Vidyapati Prabhu wrote a nice article here.
Followed by my comments below: (if you’d like to contribute to the discussion then please comment on his blog as i don’t think comments are working on this one.)
Nice reading here. While I was reading I kept asking the question whether or not your outlook was based on your local situation where the devotees are sheltered from a lot of the wild wild west things that still go on in parts of ISKCON. ?? Indeed, where guidance is strong and leaders are eager not to repeat the same mistakes, the standard of maturity is obviously higher than where less introspective influences preside.
I’m not sure if I’m in the ‘younger devotee’ crowd or the ‘older devotee’ crowd but from the ‘in between’ vantage point I have to say that there is potential for mutual symbiosis between both parties. That ‘Simple Steps To A Simple Temple’ booklet seems to point the way forward. Mind you, they are dealing with at least partially cultured and generally more pious individuals in that part of the world. Still doesn’t give us an excuse not to try to emulate their standard of maturity and try our level best for some social stability and interpersonal upliftment.
I was the only younger devotee for a good while where I joined up and had to live with lots and lots of stereotypes and assumtions about my intentions there. I probably exhibited enough offensive behaviour to earn some of that though. In any case, I think that it builds character to go through a bit of being looked down upon – especially in the beginning of taking up Krishna Consciousness.
The Eastern system of training a new devotee involves a lot of menial service and distinct labelling as a ‘new bhakta’. Even those from wealthy backgrounds (Indian wealthy means EXTREMELY WEALTHY) are scrubbing toilets and sweeping the pathways to develop a submissive mentality towards devotees. Very good. Much better for spiritual realization than in some parts of ISKCON in the west where when someone’s been around for like 2 years they have some position of influence over others. I consider this to be poison for spiritual life unless that individual is deeply convinced that they are a servant and have some fixed realization in that type of real ego.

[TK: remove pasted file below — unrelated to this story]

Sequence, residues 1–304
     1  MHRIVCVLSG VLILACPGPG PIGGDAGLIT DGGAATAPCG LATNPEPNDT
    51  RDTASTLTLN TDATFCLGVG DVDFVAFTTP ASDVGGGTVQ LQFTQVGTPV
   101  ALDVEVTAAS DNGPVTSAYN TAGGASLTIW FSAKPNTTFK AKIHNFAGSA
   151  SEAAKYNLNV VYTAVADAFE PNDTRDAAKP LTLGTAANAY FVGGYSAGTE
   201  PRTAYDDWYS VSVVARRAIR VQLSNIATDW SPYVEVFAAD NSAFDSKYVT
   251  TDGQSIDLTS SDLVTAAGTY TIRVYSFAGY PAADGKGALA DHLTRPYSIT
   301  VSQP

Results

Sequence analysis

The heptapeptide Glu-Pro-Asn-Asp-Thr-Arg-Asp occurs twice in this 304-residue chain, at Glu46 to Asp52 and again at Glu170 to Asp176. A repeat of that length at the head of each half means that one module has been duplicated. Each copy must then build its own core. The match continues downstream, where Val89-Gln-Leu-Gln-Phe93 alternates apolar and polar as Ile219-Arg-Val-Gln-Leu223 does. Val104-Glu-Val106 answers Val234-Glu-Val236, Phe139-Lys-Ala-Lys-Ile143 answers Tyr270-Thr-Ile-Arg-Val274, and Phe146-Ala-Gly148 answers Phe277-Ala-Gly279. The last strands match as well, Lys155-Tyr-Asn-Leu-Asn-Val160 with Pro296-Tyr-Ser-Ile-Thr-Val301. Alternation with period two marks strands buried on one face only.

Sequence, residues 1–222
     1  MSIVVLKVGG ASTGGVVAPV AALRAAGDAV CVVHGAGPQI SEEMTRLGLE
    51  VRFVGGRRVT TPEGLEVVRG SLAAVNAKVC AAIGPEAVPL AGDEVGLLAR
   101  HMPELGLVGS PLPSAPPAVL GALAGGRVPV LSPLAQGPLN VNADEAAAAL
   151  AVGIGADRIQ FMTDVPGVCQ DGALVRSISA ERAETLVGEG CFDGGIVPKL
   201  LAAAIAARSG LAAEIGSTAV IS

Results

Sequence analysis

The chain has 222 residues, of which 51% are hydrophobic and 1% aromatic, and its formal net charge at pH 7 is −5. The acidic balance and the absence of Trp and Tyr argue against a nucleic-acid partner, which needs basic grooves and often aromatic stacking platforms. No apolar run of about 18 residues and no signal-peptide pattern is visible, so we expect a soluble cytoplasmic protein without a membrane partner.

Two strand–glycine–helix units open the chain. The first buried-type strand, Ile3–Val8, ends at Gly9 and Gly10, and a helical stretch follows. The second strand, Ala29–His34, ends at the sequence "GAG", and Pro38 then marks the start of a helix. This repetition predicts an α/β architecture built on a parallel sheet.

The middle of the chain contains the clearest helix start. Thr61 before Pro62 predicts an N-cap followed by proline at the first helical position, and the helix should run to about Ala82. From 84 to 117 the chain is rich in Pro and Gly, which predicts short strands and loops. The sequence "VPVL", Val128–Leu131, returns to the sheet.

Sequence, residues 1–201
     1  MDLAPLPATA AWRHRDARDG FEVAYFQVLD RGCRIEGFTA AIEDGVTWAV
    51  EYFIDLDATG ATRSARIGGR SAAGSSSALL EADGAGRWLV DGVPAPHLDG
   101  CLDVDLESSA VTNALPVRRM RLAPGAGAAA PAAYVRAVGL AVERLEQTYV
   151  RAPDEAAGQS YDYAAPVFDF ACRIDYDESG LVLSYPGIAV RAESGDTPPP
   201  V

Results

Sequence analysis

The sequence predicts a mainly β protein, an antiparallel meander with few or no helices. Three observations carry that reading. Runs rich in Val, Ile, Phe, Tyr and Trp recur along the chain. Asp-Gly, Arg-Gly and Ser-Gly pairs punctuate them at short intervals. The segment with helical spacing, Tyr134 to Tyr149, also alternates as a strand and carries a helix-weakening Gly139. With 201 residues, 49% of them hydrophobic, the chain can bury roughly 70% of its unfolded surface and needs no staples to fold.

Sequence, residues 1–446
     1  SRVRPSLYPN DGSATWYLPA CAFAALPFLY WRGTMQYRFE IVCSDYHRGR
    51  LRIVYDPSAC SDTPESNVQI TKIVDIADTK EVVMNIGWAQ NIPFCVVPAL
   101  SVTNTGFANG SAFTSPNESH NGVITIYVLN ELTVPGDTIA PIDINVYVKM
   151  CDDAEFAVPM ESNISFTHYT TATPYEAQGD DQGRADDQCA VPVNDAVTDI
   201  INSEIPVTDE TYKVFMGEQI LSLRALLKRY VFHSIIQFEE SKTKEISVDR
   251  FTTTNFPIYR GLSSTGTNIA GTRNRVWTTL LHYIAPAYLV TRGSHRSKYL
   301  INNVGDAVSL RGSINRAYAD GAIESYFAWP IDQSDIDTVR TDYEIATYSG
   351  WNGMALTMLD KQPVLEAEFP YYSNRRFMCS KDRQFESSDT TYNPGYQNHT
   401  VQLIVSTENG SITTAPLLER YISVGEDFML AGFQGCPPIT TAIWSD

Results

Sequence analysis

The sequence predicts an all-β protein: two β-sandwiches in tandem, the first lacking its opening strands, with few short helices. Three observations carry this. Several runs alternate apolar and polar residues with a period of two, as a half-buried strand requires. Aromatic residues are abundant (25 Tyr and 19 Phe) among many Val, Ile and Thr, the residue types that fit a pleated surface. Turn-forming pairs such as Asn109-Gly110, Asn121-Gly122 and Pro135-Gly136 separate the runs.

Nevertheless, I’ve witnessed situations where new students of KC can’t just be asked to wash the pots – they have to be made ‘in charge of the kitchen’ in an attempt to get them to commit to some kind of service. I don’t like this stuff but ’tis preaching in the West. Or is it?
My two cents is that it is directly proportionate to the authenticity of our preaching. If we represent the parampara nicely in our actions and speech then the right kind of people will come with deep commitment to personal transformation. If we bandy about the philosophy and make the secondary considerations of time, place and circumstance our primary considerations over and above authentic repetition and demonstration of our siddhanta then we have to live with compromised association.
My association in ISKCON has almost exclusively been with devotees who are in a further station in life than my own. I’ve tried to stick at developing an attitude that is appreciated by them. I’m not sure how successful I’ve been but it sure seems that things are always looking better and the exchanges are getting sweeter. Despite that many of these devotees don’t seem to be doing much for the sankirtana movement except for chanting their rounds and looking after their family (if that), in ALL CASES I’ve found that they have a LOT to give in terms of wisdom born from experience. Fact is they are contributing in ways unknown to us or, often, to them. What to speak of how dear they are to Krishna.
I’ve also noticed that when my demonstration of respect towards older devotees matures from lip service to actually listening to what they have to say and engaging in other loving exchanges – all stereotypes, impersonalism and distance seems displaced by heartfelt comraderie and the mutual symbiosis generated inspires both of us. It is powerful preaching indeed. Almost something that resembles real human culture! That’s the glue that keeps guests wanting more, I think. At least it keeps me wanting more.
ys, ekendra das (gopala.org)